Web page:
For obvious reasons, the cannabis industry in California gets a lot of coverage, both from the “cannabis media” and from more mainstream outlets. As many know, the consumer market in California is huge; by itself, California boasts one of the largest economies in the world. Comprising about 12% of the entire country’s population, California holds 10 million+ more people than live in Texas and its population is roughly the same as those of Florida and New York combined. In other words, it’s big and there are a lot of people there.
In November of 2016 – after 20 years of medical marijuana – voters in CA approved recreational marijuana legalization, with sales beginning in January of 2018. We covered much of the journey of the last year here at The Marijuana Times, from the good news to the most ridiculous. High taxes and restrictive regulations kept a lid on explosive growth, forcing many smaller competitors out of business before they really got started.
Some of the problems were anticipated by activists in the state. “[T]hese problems were foreseeable from the outset, from the time the legislature passed the Medical Marijuana Regulation and Safety Act (2015), the template on which the current regulations are based,” Dale Gieringer, Director of CA NORML, told The Marijuana Times.
“It was inevitable that CA’s culture of backyard ‘mom & pop’ growers would be unable to compete in a legalized market,” Dale said. “It’s not like the parsley, tomatoes, or grapes we buy in the store are produced by small-scale backyard farmers. Modern day agriculture is performed most economically by large agribusiness enterprises.”
This new reality means that the demand served by small growers before legalization will now be met for the most part by large-scale growers. “Sadly, there was no way that all of these legacy growers could be accommodated under legalization. (I say sadly, because many of them were friends and supporters during the 40-year struggle for legalization),” Dale told us.
And while focus is on the adult use industry, Dale also wants lawmakers to keep an eye on improving the newly regulated medical marijuana program in CA. “[I]t’s most important that access for medical patients be protected and expanded, especially since MMJ has proven to be an effective harm reduction substitute for prescription opiates. Existing taxes and regulations have made it harder for needy patients to get affordable access to the medicine they need.” Along these lines, CA NORML would like to see the state protect medical marijuana patient giveaways as well as create employment and prescription drug protections for medical patients in the state.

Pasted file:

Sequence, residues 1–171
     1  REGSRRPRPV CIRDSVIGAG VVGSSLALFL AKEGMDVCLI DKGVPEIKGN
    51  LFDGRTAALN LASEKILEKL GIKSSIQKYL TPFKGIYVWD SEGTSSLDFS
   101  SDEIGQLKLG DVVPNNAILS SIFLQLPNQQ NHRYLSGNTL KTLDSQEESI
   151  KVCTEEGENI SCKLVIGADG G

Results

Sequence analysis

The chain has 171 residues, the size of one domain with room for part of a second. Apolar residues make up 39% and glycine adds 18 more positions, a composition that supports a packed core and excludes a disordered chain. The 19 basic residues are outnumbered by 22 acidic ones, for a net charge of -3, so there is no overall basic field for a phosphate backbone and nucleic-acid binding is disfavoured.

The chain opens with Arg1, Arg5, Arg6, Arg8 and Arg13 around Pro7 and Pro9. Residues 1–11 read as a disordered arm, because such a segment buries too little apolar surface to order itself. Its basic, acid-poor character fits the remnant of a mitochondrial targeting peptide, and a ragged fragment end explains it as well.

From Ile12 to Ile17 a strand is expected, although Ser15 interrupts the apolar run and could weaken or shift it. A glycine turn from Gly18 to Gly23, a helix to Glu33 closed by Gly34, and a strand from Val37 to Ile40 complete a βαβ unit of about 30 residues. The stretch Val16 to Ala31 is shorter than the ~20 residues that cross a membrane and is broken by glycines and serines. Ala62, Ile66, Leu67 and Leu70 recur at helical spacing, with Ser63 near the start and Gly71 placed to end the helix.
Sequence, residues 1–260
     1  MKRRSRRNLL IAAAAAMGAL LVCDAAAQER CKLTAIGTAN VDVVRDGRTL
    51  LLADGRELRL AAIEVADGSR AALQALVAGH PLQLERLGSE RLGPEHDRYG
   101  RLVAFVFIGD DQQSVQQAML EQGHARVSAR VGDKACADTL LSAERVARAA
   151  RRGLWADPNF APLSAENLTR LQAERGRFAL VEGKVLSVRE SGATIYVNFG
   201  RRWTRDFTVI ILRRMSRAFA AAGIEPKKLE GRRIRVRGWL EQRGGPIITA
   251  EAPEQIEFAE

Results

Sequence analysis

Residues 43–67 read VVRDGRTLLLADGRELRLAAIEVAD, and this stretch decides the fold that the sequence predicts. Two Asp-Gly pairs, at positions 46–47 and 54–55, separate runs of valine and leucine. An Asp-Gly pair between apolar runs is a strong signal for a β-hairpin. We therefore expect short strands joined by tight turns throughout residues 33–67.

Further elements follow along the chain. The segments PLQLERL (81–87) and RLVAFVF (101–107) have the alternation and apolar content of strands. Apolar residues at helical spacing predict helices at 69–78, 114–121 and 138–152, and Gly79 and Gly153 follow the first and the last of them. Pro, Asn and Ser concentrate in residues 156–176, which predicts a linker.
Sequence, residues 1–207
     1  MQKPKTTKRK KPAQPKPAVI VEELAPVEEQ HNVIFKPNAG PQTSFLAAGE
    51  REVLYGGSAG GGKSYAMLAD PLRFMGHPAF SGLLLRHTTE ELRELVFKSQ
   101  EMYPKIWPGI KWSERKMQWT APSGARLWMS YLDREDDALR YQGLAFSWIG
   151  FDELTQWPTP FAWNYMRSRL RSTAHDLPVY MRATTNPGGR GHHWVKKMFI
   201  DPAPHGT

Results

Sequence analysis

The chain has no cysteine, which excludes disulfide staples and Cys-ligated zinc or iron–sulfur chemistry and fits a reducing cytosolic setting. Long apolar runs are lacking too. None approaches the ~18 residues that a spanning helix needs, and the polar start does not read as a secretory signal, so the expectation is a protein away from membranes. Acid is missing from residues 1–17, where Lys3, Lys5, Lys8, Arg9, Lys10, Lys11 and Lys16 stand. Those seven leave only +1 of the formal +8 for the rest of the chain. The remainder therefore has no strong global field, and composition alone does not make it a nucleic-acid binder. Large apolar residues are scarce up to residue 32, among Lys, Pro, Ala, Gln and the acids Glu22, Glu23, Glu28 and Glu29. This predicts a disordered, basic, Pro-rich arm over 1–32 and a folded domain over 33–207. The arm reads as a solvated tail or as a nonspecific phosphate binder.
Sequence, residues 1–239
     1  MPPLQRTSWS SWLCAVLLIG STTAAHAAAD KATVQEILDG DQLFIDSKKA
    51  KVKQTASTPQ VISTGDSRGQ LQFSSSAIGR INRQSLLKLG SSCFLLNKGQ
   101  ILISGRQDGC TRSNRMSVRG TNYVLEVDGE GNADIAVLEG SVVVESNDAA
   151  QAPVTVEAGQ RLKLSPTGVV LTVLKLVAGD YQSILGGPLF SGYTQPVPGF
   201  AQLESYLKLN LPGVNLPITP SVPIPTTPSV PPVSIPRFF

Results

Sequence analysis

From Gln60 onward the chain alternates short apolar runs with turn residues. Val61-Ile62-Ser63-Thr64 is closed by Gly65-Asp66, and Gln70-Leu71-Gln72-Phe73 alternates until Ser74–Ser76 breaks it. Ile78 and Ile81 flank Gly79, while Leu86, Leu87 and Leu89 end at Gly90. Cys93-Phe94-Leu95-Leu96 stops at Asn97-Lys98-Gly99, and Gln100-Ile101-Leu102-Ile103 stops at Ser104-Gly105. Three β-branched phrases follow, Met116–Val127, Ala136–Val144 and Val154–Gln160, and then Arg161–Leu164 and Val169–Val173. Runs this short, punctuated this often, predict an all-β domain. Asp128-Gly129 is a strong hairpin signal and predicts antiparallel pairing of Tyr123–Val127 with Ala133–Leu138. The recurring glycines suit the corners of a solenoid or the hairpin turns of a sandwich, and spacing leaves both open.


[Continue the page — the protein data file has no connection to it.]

Overall, Dale thinks the bureau that oversees adult use cannabis in California is doing a good job, considering the restraints it operates under. “Under Lori Ajax’s leadership, the Bureau of Cannabis Control has been very responsive to industry and consumer concerns. We are especially happy that they have ruled that local governments can’t ban licensed deliveries to residents in their jurisdictions. The problem is that there is only so much BCC can do within the straightjacket of existing state laws. For example, there’s nothing BCC can do to spur local governments to license more dispensaries. Nor can they streamline the laws that have chopped up transportation, cultivation, distribution, testing, manufacturing, etc. into so many rigidly discrete categories.”
The potential of the cannabis market in California is massive. Hopefully they are laying the groundwork for an industry that serves consumers with the best products at the lowest prices – something that should be the goal no matter what the industry.